OPINION: Stern: Major League Baseball needs to change its approach at the plate

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It's the middle of July, which means there are no sports happening (not really) and we're reaching that point in the year where fans start to go stir-crazy, waiting for football season. As most players in Major League Baseball have begun their well-deserved vacation, it's important to critically analyze and find an alternative to the league's poorly executed All-Star break, and fundamental approach to marketing the sport.

It'd be nearly impossible to fill up an elementary school auditorium with the diehard baseball fans who watched the MLB Draft on Sunday night. Absent were the flashy big-name players, who everybody under the sun knew about and had been following since they dominated in the collegiate ranks. And the lack of interest in the draft was representative of baseball's waning popularity and struggles to publicize large-scale events.

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Once upon a time, the Home Run Derby and All-Star Game actually meant something. That's no longer the case, as fewer people care about how many homers a slugger can hit against batting practice pitching. And since Baseball decided to take away World Series home-field advantage for the winning league, prior to the 2017 season, there's no longer any massive implications.

That was the correct decision, since only few playing in the All-Star Game will also participate in the Fall Classic. But MLB commissioner Rob Manfred and company need a bit more creativity to try and capture everybody's attention during an otherwise dead period in the sports world. Yes, there'll always be headlines, but as a sport that's losing popularity by the year, baseball needs more swagger to garner and hold national headlines.

Perhaps testing out the increasingly favored pitch clock would interest sports fans, as it's long been viewed as key to speeding up the game. Perhaps using robot umpires would give the general public something to tune in for. Then again, people may never want to go back to the old way of doing things if they did that.

Viewing the All-Star Game as means for testing new rules is certainly an intriguing possibility. But, regardless, the league will need to get creative in finding ways to engage an already bored audience.

In the NFL, the Pro Bowl takes place in a warm location during the dead of winter, just one week before the Super Bowl. It gives football's flashiest players an opportunity to unwind in the sun, while everyone eagerly awaits the big game the following week. Even if the effort put forth and game itself is little more than a glorified preseason game, the NFL is the golden child of professional sports, and it'll always get attention.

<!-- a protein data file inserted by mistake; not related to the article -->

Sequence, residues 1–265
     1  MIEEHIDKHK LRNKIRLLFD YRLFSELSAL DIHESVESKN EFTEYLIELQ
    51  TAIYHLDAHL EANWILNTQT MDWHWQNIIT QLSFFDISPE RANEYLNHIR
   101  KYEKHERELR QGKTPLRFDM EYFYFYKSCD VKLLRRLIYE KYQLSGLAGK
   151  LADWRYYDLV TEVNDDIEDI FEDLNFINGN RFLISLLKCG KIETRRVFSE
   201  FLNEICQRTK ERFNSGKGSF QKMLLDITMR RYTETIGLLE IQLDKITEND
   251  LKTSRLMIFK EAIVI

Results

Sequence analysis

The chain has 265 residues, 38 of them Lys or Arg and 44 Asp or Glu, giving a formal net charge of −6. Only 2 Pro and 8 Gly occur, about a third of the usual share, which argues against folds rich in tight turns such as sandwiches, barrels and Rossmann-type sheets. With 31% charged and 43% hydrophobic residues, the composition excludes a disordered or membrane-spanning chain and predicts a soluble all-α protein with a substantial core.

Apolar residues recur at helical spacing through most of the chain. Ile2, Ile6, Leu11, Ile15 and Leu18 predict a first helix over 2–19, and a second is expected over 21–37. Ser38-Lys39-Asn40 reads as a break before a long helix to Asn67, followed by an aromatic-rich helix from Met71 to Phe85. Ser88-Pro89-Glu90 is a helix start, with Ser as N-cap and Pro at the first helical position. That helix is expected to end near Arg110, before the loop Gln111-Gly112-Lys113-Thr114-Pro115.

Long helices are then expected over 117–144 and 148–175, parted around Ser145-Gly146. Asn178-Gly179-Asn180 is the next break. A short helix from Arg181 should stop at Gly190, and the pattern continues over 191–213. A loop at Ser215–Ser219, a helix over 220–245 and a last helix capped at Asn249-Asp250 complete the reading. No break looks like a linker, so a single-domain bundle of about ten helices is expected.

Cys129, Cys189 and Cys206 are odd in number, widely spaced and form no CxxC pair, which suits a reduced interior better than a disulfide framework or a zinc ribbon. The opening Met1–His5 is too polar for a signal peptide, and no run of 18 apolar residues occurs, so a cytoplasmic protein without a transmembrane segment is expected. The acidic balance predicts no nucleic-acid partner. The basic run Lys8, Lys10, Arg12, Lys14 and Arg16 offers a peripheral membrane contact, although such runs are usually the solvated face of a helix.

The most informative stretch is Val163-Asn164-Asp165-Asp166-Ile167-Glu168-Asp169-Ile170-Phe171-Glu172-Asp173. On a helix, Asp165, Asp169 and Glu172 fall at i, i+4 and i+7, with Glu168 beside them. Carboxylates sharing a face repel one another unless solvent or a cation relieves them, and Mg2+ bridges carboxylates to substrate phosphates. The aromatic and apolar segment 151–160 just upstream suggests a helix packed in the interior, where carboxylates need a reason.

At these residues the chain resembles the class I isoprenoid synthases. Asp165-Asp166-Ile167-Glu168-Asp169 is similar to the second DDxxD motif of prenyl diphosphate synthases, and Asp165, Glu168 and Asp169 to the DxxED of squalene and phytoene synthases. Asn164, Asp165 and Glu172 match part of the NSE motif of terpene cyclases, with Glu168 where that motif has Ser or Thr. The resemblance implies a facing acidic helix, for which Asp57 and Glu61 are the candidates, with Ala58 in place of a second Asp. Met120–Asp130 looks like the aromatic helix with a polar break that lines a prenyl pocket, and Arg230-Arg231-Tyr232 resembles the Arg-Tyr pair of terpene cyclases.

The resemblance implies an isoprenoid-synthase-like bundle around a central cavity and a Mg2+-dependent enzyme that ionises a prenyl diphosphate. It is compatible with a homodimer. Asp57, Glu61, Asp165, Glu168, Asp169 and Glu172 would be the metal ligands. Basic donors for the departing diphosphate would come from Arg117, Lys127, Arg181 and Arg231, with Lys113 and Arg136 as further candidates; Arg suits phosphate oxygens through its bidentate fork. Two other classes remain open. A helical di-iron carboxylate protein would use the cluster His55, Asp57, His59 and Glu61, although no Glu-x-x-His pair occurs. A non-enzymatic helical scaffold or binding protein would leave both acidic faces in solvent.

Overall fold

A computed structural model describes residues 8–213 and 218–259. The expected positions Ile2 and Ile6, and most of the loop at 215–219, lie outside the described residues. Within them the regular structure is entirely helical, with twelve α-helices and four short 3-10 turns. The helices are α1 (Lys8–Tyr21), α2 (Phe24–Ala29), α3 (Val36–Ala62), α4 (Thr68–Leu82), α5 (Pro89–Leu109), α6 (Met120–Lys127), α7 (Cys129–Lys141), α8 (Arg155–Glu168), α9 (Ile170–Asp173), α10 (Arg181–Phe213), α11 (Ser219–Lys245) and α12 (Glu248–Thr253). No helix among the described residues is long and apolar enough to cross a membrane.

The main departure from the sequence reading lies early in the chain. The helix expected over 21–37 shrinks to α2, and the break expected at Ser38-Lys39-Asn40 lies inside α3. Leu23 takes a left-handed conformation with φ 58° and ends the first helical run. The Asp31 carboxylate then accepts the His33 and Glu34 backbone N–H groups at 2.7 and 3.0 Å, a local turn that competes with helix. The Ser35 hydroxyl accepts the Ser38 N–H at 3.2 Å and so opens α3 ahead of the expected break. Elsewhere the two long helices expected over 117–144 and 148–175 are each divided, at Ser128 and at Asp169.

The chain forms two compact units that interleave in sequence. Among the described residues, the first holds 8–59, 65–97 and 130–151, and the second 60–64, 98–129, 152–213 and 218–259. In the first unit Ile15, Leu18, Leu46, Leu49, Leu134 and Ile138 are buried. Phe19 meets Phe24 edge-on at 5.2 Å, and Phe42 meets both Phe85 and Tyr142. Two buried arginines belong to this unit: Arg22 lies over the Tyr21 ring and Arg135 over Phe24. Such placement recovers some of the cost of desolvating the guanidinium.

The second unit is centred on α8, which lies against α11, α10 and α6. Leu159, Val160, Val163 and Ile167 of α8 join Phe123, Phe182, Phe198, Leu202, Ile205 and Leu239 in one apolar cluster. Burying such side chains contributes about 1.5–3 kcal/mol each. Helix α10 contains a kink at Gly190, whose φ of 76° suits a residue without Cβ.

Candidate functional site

Baseball can't expect to mail in its variation of an All-Star Game, and if hitting a homer is the objective, then they need to change the approach. Having the festivities in a celebratory, upbeat location helps market the various events. But that alone isn't enough to get people interested, which means that MLB needs to go against the grain.

The sport once labeled as "America’s Pastime" should actually rebrand itself as "America's Sport of a Past Time." The World Series can easily get lost in the midst of early-season NFL and college football action – take a look at 2021, when the championship had 11.7 million viewers, representing the second-lowest mark in history. The lowest was in 2020, when MLB had 9.7 million viewers, though that can partially be attributed to the COVID-19 shortened campaign. But, at its peak, in 1978, Baseball had 44.2 million eyeballs on the big games.

Baseball has been pigeonholed at the bottom of the lineup among those owning television remotes. Aside from testing out proposed rule changes, they could do more to engage the fans. Then again, that idea feels more mailed-in than a voluntary work event that everyone shows up to 15 minutes late. A movement to get a younger audience engaged, while reengaging the older fanbase, needs to be organic.

Until baseball comes to terms with the fact that the same old way doesn't work, the game will continue to be the punchline, relative to other sports. Although the draft and All-Star Game are prime opportunities to put hardball back on the map, it's not the end-all be-all, when it comes to engagement. No matter what, Manfred's brain trust can't stare at a called third strike down the middle.

Jack Stern is a columnist, anchor, and associate producer for CBS Sports Radio. You can follow him on Twitter @J_Stern97.

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